2. I use certified organic soybeans from Azure Standard, a drop ship bulk supplier (you can read more about my experience using Azure Standard here), because I can get a 25 pound paper sack from them. They have worked well for me for soy milk, firm and silken tofu, and tempeh.

      3. The starter is specific. Tempeh is cultured with the rhizopus fungus (either Rhizopus oryzae or R. oligosporus), regardless of the type of bean or grain you are using. It is very different than yogurt culture, which is bacteria-based (bifidobacterium, lactobacillus, etc.). As the rhizopus fungus grows in the tempeh, other fungi, yeasts, and lactobacillus bacteria grow as well, making tempeh a fungal ferment. Yogurt culture will not make tempeh, it is very specific. I like NW Ferments tempeh culture, because it’s from my local area, but it is also available nationwide.

      4. Yes, one pan would work, however, you don’t want the tempeh over 1″ thick (think typical store-bought tempeh thickness), as the density blocks oxygen and can inhibit fungal growth to an anaerobic state in the center. You may have to change the amounts of beans, vinegar, and culture to accommodate one pan. I tend to make a bunch of something at a time and freeze the excess to maximize output and minimize time! There was space in the Instant Pot for two pans, so I used it. But it’s not necessary to make that much if you don’t want to.

      We thought it was much better tasting than store-bought. I typically steam or simmer commercial tempeh before using, which helps assuage that raw flavor. This we could eat right out of the Instant Pot before cooking. I hope you try it!

  2. Nancy Scott on May 23, 2020 at 8:12 pm

    I’d like to make tempeh with white beans. Would the instant pot recipe be different? Also what is a trivet?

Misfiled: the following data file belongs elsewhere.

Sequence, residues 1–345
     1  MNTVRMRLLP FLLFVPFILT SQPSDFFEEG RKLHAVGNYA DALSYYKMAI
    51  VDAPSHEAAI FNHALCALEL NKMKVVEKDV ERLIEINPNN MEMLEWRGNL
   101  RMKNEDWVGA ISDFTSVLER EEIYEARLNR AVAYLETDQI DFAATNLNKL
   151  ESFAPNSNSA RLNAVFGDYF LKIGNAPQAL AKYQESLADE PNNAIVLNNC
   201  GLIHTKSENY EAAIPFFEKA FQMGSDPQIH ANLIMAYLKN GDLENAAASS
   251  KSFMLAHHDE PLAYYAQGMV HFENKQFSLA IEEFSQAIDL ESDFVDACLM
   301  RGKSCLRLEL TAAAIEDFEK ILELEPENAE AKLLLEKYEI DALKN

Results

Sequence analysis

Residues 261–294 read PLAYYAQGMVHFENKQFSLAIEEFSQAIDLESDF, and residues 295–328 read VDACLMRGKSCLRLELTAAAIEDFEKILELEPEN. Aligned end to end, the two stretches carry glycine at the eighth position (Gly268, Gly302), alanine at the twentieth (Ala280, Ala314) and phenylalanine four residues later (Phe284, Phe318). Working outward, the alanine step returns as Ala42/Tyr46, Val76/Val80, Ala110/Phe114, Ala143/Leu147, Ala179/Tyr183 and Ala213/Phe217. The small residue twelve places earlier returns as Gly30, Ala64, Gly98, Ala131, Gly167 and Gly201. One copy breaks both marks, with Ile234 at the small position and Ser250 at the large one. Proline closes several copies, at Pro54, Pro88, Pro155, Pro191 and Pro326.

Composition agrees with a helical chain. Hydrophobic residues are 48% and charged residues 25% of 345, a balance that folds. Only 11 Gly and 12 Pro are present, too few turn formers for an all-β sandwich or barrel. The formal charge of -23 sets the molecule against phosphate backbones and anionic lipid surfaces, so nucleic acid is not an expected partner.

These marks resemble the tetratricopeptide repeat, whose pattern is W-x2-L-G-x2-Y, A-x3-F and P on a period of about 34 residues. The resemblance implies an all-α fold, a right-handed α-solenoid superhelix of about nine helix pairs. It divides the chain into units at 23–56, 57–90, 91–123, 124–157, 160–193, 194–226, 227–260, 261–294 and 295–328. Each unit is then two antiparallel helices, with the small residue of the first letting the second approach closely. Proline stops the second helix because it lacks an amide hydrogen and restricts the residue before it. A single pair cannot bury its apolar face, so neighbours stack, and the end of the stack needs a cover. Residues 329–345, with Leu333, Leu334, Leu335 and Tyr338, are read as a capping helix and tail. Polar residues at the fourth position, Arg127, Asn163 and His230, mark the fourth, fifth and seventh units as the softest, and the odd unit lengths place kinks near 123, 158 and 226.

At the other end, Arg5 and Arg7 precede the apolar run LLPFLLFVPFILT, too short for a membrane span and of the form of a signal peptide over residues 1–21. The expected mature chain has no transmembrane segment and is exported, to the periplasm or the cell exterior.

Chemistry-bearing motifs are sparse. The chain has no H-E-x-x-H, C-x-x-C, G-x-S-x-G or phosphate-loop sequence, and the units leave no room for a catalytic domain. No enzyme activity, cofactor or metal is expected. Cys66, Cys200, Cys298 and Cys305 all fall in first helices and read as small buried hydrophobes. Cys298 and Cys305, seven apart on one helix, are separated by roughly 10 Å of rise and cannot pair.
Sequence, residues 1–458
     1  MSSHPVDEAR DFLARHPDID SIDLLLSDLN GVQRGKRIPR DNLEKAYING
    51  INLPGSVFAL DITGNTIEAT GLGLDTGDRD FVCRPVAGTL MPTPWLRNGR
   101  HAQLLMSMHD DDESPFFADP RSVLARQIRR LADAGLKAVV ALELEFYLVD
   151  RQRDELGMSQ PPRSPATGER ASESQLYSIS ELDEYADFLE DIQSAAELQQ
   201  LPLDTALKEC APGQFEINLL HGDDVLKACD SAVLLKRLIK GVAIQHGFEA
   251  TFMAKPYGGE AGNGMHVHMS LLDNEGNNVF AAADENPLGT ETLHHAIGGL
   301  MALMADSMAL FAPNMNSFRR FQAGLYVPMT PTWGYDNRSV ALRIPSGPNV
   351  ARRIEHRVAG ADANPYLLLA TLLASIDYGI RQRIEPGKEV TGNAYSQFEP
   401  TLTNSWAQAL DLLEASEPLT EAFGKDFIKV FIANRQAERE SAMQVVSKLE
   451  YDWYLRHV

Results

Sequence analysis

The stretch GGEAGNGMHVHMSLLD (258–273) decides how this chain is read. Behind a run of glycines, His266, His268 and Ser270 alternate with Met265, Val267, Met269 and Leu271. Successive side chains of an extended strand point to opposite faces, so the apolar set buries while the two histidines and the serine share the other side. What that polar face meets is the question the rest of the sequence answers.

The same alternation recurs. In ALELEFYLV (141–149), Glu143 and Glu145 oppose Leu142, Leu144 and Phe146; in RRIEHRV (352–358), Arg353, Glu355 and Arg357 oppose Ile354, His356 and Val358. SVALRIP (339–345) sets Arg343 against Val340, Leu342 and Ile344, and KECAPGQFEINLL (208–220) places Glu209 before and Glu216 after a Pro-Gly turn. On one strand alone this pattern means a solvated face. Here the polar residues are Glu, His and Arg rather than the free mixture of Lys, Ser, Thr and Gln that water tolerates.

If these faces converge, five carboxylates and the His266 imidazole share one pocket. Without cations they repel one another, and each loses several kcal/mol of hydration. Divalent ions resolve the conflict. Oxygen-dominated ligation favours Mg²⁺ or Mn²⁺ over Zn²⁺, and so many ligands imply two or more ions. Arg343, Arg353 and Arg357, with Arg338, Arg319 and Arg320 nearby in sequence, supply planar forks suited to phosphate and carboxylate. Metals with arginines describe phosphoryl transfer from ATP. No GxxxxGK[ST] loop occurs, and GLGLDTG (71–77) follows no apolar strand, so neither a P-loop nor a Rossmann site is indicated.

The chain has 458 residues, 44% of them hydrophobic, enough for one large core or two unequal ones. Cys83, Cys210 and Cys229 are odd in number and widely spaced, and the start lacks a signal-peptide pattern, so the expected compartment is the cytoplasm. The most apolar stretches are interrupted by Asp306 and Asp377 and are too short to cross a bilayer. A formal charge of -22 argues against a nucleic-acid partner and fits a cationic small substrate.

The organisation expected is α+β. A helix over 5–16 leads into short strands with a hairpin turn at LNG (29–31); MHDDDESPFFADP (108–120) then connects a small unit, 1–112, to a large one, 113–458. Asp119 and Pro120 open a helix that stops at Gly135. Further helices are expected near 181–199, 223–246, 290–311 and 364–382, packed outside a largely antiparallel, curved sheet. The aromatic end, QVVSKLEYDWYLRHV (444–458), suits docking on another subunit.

• Cindy Thompson, Trimazing! Health & Lifestyle Coaching on May 23, 2020 at 8:32 pm

      Hi Nancy! I’ve not used white beans but it should work. You just may need to adjust the cook time on the soaked beans because you don’t want them fully cooked soft, more al dente. The trivet can be the wire stand that came with your Pressure cooker that fits inside the pot, like this:

  3. Laura Van Deusen on July 2, 2020 at 6:22 am

    5 stars
    Cindy, Thank you so much for these clear, concise directions for using the IP for tempeh. I followed them and now have 2 beautiful and delicious rounds of tempeh. Who knew it was so easy?! I bought 2 silicone 8″ cake pans, and used the 2 IP trivets that I have. When they were finished I pasteurized one of the rounds. I made some tempeh bacon, and today will make a tempeh sloppy Joe. I can’t wait to try this with other types of beans, too. Thank you!

    • Cindy Thompson, Trimazing! Health & Lifestyle Coaching on July 2, 2020 at 8:03 am

      That’s so wonderful to hear, Laura! Thank you for letting me know how it went and I’m excited to hear how your foray into other beans goes as well!